Spiritual defiance : building a beloved community of resistance
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SPIRITUAL DEFIANCE – a conversation with Rev. Dr. Robin Meyers [LDT034]
Preview — Spiritual Defiance by Robin Meyers. A leading voice of progressive Christianity makes a powerful case for faith as a radical way of being in the world During his thirty-year career as a parish minister and professor, Robin Meyers has focused on renewing the church as an instrument of social change and personal transformation.
In this provocative and passionate book, he explores the decline of the church as a A leading voice of progressive Christianity makes a powerful case for faith as a radical way of being in the world During his thirty-year career as a parish minister and professor, Robin Meyers has focused on renewing the church as an instrument of social change and personal transformation.
Framing his discussion around three poems by twentieth-century Polish poet Anna Kamienska, Meyers casts the nature of faith as a force that stands against anything and everything that engenders death and indignity. Each chapter is a poignant and urgent invitation to recover the Jesus Movement as a Beloved Community of Resistance. Get A Copy. Hardcover , pages. Published April 28th by Yale University Press first published More Details Other Editions 3. Friend Reviews. To see what your friends thought of this book, please sign up. To ask other readers questions about Spiritual Defiance , please sign up.
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Spiritual Defiance: Building a Beloved Community of Resistance by Robin Meyers
Sort order. Interesting to see how much of this book has become a part of me I was less amazed as I read it and more It took me ages to read this book, but not because it was a slog; rather, I wanted to savor every word. This is a must-read for every pastor in America. Do not pass it by. I predict I will be returning to this book for every sermon I write in the coming mont 2nd read in Still spectacular.
I predict I will be returning to this book for every sermon I write in the coming months, even years.
View 2 comments. Jan 24, Frank Ogden rated it it was amazing. Highly Recommended I dare you! Jul 01, Jared Stine rated it it was amazing Shelves: ministry.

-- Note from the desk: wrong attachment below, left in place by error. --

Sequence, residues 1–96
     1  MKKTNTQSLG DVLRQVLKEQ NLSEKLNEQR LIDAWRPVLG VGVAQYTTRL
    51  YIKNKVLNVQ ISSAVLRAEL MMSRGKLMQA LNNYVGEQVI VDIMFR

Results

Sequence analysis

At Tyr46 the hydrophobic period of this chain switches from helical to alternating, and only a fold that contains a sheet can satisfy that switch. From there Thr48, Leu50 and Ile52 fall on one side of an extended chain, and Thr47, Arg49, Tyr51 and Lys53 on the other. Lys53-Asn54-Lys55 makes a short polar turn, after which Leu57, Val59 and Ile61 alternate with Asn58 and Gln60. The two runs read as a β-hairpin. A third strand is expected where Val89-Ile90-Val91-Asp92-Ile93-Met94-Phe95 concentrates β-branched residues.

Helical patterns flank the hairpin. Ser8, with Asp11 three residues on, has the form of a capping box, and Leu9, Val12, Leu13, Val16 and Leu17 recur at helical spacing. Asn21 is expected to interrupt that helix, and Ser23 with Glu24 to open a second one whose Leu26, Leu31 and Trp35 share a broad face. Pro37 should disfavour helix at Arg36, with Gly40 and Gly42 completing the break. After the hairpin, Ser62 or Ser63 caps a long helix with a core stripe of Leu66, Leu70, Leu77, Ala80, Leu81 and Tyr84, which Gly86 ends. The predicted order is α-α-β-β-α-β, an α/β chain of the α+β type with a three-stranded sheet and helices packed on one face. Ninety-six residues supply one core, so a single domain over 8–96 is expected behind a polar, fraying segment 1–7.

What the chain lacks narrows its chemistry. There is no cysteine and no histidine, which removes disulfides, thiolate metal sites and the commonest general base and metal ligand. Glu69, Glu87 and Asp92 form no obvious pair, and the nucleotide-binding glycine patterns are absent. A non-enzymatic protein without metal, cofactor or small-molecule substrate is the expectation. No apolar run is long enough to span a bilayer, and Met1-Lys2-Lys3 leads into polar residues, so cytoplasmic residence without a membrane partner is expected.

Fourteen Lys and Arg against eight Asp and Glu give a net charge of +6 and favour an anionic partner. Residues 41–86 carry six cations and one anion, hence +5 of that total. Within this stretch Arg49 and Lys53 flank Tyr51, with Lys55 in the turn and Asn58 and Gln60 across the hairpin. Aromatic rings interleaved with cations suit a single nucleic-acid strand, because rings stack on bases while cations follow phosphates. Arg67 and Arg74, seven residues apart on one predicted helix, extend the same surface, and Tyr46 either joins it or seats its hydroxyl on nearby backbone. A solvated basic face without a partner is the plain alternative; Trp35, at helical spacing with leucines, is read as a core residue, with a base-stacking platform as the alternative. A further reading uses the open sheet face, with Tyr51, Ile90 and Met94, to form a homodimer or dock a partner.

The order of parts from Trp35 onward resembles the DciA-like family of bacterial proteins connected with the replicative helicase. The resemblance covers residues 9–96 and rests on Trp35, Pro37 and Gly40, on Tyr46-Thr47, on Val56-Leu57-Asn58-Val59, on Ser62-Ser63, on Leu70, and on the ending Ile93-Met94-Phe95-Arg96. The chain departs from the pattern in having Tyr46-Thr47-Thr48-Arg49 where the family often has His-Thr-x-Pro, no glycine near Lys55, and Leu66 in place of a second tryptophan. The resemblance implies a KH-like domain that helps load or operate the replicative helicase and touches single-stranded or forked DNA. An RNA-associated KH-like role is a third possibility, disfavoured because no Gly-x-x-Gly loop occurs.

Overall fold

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Thought provoking look at the current state of the church. A call to reimagine Jesus, and all who claim to follow him, as trouble makers for justice and a community of resisters. During a police raid of the Stonewall Inn in New York City on June 28th, , queer folks threw broken bottles and bricks in an act of resistance and love. This outpouring of frustration after years of violence upon their bodies and souls made the message clear: queer people exist and deserve to be treated with dignity, and queer spaces are vital and sacred.
In what was almost a week-long event, the Stonewall Uprising became a major movement for equity. The next year, many reconvened at Stonewall, to celebrate this resistance and love. This was the birth of Pride. Each color symbolizes an aspect of queerness, and just like the shades of a rainbow, we want to showcase the diversity of voices within the queer community. Once upon a time, in the s, there was a group of gay activists who called themselves the Mattachines.
They worked within the system and emphasized that gay people were just like everyone else. In fact, it is situated in a greater story of liberation that continues today. Trans people still get harassed and killed by strangers, acquaintances, and family members.
Since the start of the year, at least ten trans women have been murdered. The Trump administration has exacerbated the situation by removing transgender rights in the areas of healthcare, discriminatory policing, and housing. Pride is both protest and celebration, but it is often sanitized and commercialized, glossing over the most vulnerable. We watch the parades go by, and the rainbow merchandise appear on store shelves. But when July comes around, where does all the public support go? Growing up isolated in the middle of Pacific Ocean made events like Stonewall on the continental US rather inaccessible.